So I said, “I’d love if you can record a few tunes for me so I can hear your voice before I go to bed.” Which was true! And, I did say, “sing this song,” that she used to sing during this ritual right when baby Jesus is born at midnight on Christmas Eve. All the kids are grabbing onto a blanket, and there’s the baby Jesus in the middle, and we all get to rock the baby, and then grandma would sing this song: “Alarururu chiquito. . . .” It was a very magical moment because it was the part of the ritual when we – the 30-plus kids – actually got to do something. That song was always so special to me, so I asked her to record it, and I put it on the record.
48 HILLS When are you going to tell her that she’s on there?
DIANA GAMEROS Oh, probably when she hears it.
And that leads us to the title of the album: I’m calling it Arrullo, which means lullaby. I envisioned this to be listened to before you go to bed, sort of at this time [twilight].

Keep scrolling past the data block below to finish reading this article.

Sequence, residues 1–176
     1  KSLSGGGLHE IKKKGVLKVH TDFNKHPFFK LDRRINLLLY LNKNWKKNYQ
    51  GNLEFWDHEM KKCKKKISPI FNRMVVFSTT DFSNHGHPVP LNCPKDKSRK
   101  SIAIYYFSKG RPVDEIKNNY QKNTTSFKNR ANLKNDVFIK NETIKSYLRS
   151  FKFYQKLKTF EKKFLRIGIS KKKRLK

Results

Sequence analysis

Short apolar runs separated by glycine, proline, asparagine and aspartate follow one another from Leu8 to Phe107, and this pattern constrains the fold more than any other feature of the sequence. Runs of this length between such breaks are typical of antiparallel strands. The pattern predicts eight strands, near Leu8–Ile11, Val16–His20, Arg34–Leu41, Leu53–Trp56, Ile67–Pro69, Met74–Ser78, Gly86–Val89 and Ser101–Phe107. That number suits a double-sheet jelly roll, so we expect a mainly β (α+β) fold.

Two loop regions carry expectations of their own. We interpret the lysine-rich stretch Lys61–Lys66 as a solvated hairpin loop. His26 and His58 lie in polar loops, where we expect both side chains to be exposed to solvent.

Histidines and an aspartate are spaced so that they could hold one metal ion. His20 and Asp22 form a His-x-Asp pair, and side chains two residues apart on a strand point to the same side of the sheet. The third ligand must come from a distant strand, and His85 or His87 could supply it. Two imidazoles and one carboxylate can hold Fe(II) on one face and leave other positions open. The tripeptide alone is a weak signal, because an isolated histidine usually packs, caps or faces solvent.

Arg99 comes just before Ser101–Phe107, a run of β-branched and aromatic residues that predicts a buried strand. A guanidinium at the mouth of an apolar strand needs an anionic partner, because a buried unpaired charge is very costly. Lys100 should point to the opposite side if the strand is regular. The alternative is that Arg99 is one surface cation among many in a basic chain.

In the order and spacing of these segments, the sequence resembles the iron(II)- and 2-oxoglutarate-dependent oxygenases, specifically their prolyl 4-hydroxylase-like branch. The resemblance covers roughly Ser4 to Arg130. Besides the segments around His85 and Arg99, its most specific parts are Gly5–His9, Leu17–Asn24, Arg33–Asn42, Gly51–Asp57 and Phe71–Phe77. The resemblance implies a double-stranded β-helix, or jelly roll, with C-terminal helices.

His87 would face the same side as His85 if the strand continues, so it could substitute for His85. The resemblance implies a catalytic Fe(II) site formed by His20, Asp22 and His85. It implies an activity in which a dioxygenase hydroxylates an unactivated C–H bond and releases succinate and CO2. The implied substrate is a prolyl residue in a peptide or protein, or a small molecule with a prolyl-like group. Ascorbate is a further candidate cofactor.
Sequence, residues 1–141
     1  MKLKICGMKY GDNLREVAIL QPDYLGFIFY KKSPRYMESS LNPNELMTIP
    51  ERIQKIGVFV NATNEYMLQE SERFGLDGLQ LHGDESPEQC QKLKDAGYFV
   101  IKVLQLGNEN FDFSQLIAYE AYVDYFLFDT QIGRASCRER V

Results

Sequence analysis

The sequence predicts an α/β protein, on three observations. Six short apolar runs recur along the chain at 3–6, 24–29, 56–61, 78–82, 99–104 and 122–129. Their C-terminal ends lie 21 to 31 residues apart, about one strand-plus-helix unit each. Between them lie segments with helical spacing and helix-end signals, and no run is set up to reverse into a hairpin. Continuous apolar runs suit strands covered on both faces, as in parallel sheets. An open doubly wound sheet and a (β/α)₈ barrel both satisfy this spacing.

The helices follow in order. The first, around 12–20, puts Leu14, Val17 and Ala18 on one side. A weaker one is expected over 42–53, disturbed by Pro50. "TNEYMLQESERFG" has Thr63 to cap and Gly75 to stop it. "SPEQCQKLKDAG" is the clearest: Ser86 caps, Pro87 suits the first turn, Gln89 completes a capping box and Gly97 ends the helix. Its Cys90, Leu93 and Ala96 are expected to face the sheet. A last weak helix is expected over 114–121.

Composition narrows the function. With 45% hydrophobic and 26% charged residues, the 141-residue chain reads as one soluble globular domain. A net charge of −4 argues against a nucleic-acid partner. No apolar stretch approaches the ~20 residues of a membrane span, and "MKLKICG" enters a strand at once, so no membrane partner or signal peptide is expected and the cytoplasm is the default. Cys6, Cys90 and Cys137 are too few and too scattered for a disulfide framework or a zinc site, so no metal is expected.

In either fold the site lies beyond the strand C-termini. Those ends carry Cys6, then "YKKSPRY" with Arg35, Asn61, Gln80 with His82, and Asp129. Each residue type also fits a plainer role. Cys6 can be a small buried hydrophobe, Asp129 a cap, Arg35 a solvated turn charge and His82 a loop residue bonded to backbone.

It starts with a song that is called “Despierta” [“Awaken”] that’s actually the opening song that the mariachis would sing when they would go serenade women at midnight. I wanted to open up with this song because the last verse says, “Pero no pude más, y esta noche te vengo a decir te quiero – but I couldn’t help it anymore, and so I’ve come to tell you I love you.” And I changed the pronoun to make it plural because, for me, it’s a song that I’m singing directly to my family. This is the opening song that reveals that I made this album for them.
48 HILLS That longing for home and for family is so apparent in your music. As someone who is also not from California, and someone who wrestles with this, I’m wondering: How can those intense emotions coexist with your love for this place and desire to stay here?
DIANA GAMEROS Well, it’s California, right? [Laughs.] In my case, my story of coming to the US was such a positive story, and I have received so much. When you’re so full of love and of gifts, you hang onto them to cope with the pain and nostalgia. These intense lines in my songs, or that really intense expression, is the opportunity I have to release some of that.
I think this story of mine has helped me just be more in tune with the realities of being human, and with the pain, and with the sadness, and with the gratitude, and with the joys. As much as we need to honor our feelings, it really is important to put things in perspective, and when I do – and it’s very often that I do – I feel I’ve received more than I have lost, and so I think that’s where the strength and the perseverance come from.